When November rolls up to December, I begin to make the list of organizations and groups that have enriched my year, given me such pleasure or brightened my life so much that reciprocity is in order. But what am I going to do? Play an out-of-tune scale on my violin for the symphony? Perform a skit for an entire theatre troupe? No. That’s where a monetary gift can be a stand-in for reciprocity.
I have greatly enjoyed a number of performances this year, and also follow the work of several human services organizations. One such organization is the YMCA. Yes, I belong and pay a monthly fee. But the YMCA is so much more than a gym, or exercise club. It serves the entire community with scholarships and subsidies that allow youngsters to attend camps in the summer, to eat healthily on weekends and summertime, to learn team sports, and to swim. It also serves anyone in the community who wants help with chronic disease management and/or prevention, weight loss programs, and it hosts Livestrong programs for people with cancer. It offers exceptional daycare for preschoolers, and tends children whose parents are at the Y to pursue fitness goals . . . and on and on.
We all make donations when we are able—to churches, bootstrap organizations, meal programs, favorite hospitals, cultural groups, and national groups like the Red Cross and organizations assisting any number of needs for people without means to pay for them. Many of those gifts are pure altruistic: “Here—take this—you do great work.” But some gifts are reciprocal—a way to show thankfulness for acts of generosity benefiting us!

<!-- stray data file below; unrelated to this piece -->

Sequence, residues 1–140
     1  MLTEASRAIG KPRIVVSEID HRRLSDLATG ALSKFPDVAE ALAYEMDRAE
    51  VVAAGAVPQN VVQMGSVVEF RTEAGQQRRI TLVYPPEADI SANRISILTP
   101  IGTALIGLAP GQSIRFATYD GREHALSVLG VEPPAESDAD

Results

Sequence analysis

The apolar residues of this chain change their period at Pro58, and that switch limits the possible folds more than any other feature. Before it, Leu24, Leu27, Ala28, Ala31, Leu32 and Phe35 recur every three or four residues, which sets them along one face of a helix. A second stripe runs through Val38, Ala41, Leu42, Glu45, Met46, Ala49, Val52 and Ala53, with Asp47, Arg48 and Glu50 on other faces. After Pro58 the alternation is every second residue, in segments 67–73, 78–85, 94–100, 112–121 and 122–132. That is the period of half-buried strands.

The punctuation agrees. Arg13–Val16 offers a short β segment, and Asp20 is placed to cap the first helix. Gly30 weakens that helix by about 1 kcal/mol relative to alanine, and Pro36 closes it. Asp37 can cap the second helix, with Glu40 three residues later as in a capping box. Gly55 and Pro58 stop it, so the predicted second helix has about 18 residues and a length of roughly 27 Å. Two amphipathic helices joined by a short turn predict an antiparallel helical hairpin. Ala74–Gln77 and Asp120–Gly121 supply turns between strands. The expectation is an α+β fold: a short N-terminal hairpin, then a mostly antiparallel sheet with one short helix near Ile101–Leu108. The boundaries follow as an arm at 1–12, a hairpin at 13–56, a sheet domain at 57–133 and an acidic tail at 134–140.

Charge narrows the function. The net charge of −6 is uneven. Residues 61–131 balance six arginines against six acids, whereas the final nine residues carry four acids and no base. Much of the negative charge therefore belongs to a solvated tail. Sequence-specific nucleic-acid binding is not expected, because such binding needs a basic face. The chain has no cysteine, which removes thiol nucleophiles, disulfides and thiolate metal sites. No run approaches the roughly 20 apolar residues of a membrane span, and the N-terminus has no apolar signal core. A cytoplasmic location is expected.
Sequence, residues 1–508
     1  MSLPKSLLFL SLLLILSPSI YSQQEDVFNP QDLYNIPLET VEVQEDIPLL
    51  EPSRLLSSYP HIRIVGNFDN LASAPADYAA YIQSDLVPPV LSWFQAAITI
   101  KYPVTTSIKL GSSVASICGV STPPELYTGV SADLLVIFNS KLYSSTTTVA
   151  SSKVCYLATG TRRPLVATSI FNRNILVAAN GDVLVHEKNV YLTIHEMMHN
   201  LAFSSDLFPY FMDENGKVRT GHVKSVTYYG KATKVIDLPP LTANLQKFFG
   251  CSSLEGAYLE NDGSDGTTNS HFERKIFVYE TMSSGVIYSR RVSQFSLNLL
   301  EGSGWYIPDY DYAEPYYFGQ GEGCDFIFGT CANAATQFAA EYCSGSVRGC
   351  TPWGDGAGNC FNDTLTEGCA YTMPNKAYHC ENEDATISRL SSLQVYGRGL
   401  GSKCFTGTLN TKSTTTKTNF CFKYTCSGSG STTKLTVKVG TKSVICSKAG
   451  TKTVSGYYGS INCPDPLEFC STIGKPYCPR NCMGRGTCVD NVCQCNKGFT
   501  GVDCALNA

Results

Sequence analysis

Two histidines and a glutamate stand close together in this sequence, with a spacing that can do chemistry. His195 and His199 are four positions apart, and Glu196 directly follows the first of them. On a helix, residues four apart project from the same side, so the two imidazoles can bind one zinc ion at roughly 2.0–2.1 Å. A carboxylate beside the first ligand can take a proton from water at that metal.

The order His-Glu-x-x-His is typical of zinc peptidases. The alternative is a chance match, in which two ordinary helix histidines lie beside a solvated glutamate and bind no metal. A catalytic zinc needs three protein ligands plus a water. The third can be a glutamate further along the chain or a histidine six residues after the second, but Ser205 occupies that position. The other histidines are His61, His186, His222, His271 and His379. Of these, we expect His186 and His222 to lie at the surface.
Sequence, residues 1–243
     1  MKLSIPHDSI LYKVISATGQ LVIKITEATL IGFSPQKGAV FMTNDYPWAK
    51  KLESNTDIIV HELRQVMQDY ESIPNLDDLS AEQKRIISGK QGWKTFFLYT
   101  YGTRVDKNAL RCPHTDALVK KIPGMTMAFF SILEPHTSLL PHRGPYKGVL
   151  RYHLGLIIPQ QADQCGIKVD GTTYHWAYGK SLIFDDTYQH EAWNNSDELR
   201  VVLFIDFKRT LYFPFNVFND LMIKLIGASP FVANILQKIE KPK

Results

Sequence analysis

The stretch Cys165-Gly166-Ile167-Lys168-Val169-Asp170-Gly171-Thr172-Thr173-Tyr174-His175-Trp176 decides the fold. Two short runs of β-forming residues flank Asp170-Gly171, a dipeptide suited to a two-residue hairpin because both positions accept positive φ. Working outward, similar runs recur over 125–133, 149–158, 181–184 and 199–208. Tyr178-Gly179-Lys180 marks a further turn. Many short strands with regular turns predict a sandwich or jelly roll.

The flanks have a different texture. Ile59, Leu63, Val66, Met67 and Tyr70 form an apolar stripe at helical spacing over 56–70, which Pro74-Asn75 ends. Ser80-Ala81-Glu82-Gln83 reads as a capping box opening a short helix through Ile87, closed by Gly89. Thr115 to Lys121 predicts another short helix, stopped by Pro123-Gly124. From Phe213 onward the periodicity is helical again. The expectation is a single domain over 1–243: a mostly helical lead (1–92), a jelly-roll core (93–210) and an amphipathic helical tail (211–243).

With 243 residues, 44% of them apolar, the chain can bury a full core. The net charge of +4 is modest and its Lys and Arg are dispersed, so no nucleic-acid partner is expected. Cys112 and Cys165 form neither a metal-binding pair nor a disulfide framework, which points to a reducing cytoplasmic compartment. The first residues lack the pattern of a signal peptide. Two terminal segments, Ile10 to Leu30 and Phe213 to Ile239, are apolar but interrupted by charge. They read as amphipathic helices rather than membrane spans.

When I look back over the past eleven months, I realize I’ve much to be grateful for from various cultural groups, enjoying many memorable theatrical productions, breathtaking symphony concerts, mind-boggling art exhibits. I am immensely grateful for my healthcare providers (cutting out the cancer in January, just for starters), not to mention the loving support and companionship of family and friends, help from neighbors, inspiration from community volunteers, and energy from an always-welcoming staff at the Y. The list goes on. I am blessed with gifts from all kinds of places—from across the street to across the water, from as close as my neighborhood to the neighboring country (home to one of my granddaughters and her parents). My body and soul are all replenished through these gifts. To some I will show my appreciation by making a monetary donation; to others I can only do it with these words: Thank you.